The DC potential in the detemir condition showed a marked negative shift shortly after insulin injection that reached maximum values exceeding −600 μV toward the end of the recording epoch (Fig. 2). This strong negative DC shift was generally absent in the human insulin condition. Analyses of average DC-potential levels during the relevant interval from 21 min after the start until the end of insulin infusions confirmed a distinctly more negative potential level in the detemir than human insulin condition (F[1,10] = 7.03, P = 0.02; Table 2), with this effect displaying an even topographic distribution (F[2,24] = 0.59, P > 0.59, for Treatment × Electrode location). Comparisons with preinjection baseline levels confirmed significance for the negative DC potential in the detemir condition during 21–90 min of insulin infusion (F[1,10] = 8.53, P = 0.02; F[3,27] = 1.04, P > 0.39 for Electrode location). Although DC potentials in the human insulin condition appeared to shift slightly toward positive values over central positions, respective analyses did not yield significant differences from baseline values (F[1,10] = 0.17, P > 0.43; Table 2).

FIG. 2.

Average DC potentials recorded from left and right electrodes over frontal (F3, F4, respectively), frontocentral (FC3, FC4), and central (C3, C4) cortical areas before and during intravenous infusion of human insulin (thin lines) and insulin detemir (bold lines), respectively. Infusions started with an insulin bolus injection (human insulin, 17.75 mU/kg body wt; detemir, 90 mU/kg body wt) followed by a steady 90-min infusion (1.0 vs. 2.0 mU · kg−1 · min−1). In both conditions, euglycemia was maintained by infusion of glucose. The average potential during baseline was set to 0 μV. Rows of asterisks indicate significance (P < 0.05; t tests) for point-wise comparisons of the potential levels between conditions (upper row) and between the detemir condition and respective baseline levels (lower row). n = 11.


DC-potential levels during euglycemic infusion of human insulin and detemir

Reduction of food intake by detemir in comparison with human insulin.

Table 3 summarizes treatment effects on food intake. Detemir in comparison with human insulin significantly reduced food consumption by 303 ± 135.7 kcal. Macronutrient comparisons suggested this effect was particularly pronounced for protein and, to a lesser extent, for carbohydrate intake, but there was no significant statistical interaction between the factors Treatment and Macronutrients (F[2,24] = 1.63, P > 0.22). The reduction in total energy consumption and also carbohydrate intake by detemir in comparison with human insulin was also observed in analyses taking into account the energy received in the form of intravenous glucose (Table 3). Differences in carbohydrate and protein intake between conditions correlated significantly with respective differences in DC-potential shifts (averaged over all recording sites) from 21 to 90 min of infusions (r = 0.74, P < 0.04, and r = 0.87, P < 0.01, respectively, bivariate Pearson coefficients). The respective correlation with total energy intake failed to reach significance (r = 0.61, P = 0.11; r = 0.21, P > 0.62 for fat intake).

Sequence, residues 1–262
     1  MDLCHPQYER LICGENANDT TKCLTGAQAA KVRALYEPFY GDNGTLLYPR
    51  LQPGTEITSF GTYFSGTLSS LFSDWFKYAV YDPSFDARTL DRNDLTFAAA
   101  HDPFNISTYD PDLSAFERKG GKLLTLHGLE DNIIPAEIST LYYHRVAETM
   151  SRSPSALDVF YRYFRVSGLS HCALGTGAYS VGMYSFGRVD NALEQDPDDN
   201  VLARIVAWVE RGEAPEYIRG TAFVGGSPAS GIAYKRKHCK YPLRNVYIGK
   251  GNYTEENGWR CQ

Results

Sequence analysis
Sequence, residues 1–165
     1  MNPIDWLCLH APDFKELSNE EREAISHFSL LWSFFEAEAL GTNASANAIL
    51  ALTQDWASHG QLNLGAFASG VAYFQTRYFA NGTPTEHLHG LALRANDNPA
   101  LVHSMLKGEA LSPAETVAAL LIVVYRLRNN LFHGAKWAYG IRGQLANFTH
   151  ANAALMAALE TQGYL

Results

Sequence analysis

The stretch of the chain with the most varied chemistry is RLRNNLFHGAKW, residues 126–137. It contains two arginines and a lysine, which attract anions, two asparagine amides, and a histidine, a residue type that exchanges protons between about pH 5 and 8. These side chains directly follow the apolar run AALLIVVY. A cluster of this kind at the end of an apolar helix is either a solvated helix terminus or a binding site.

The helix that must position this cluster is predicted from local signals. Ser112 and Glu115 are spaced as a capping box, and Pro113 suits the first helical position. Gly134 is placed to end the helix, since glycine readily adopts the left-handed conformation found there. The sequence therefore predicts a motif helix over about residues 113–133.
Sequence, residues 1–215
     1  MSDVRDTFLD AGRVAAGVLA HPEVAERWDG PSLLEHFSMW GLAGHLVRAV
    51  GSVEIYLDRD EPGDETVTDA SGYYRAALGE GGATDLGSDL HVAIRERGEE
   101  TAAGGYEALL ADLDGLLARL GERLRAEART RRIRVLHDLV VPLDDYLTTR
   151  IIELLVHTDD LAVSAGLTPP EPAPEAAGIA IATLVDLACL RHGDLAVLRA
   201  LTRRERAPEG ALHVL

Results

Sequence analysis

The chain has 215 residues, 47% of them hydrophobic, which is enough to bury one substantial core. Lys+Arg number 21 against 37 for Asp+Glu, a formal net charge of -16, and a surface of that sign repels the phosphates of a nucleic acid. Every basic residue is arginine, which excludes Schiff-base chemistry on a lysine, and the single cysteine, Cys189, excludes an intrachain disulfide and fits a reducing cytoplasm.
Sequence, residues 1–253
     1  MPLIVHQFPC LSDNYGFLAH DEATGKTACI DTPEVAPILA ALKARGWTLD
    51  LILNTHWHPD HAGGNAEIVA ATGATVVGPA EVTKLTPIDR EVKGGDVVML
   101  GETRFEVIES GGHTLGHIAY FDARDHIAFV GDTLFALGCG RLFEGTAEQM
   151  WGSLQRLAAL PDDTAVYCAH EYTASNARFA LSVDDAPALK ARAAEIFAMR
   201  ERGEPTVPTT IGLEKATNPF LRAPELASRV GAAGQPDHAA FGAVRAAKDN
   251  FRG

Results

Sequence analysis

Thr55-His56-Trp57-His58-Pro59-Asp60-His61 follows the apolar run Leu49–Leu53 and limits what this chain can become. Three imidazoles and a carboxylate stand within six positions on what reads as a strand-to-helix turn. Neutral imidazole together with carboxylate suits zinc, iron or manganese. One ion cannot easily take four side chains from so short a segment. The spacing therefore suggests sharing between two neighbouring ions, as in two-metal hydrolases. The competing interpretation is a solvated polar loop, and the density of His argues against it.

Food intake after euglycemic infusion of human insulin and detemir

Rating scales.

Ten-point scale hunger ratings did not differ between conditions, showing the expected decline from baseline (detemir, 4.87 ± 0.68; human insulin, 5.93 ± 0.54; P > 0.11) and post-EEG recording values (5.87 ± 0.62 vs. 5.93 ± 0.56, P > 0.91) to low postingestion levels (1.47 ± 0.43 vs. 1.00 ± 0.24, P > 0.33; P > 0.12 for Treatment × Time). A comparable pattern without significant differences between conditions was observed for thirst (all P > 0.12) and tiredness (P > 0.33) ratings. According to the bipolar questionnaire, subjects in the detemir compared with the human insulin condition felt more critical (critical-comfortable, 2.87 ± 0.13 vs. 3.27 ± 0.18, P < 0.009) and reported increased wakefulness (sleepy-awake, 3.33 ± 0.23 vs. 2.73 ± 0.23, P < 0.03) and hunger (full-hungry, 4.20 ± 0.20 vs. 3.53 ± 0.22, P < 0.01) immediately after infusions. The remaining dimensions and the post–food intake assessment were not affected. The mood adjective checklist did not yield significant differences between conditions for any of the subscales.


Administration of insulin to the central nervous system reduces food intake (3,5) and body weight (4,6). We demonstrate that while eliciting comparable peripheral effects, euglycemic infusion of insulin detemir compared with human insulin triggers a distinct negative shift in EEG DC-potential recordings and reduces calorie uptake in healthy men, supporting our hypothesis that detemir affects brain functions to a greater extent than human insulin and induces stronger anorexigenic effects on central nervous networks that control food intake. This outcome suggests that enhanced catabolic insulin signaling to the brain may be an important mechanism behind the limitation of weight gain observed in diabetic patients receiving detemir treatment (9,1114).

In accordance with other investigators (15,17), we administered insulin doses that were considerably higher in the detemir than in the human insulin condition to compensate for the delayed onset that human insulin–equimolar detemir dosages would display. Accordingly, timing and strength of the effects of detemir and human insulin on systemic glucose homeostasis as reflected by the rates of glucose infusion as well as blood glucose and serum glucagon concentrations were identical. C-peptide concentrations likewise did not differ between conditions during insulin infusion, merely showing a slight increase in the human insulin condition after the test buffet that may have been due to greater food intake in this compared with the detemir condition. Congruent peripheral effects were also indicated by comparable serum leptin concentrations that are known to respond to insulin infusion (27,28).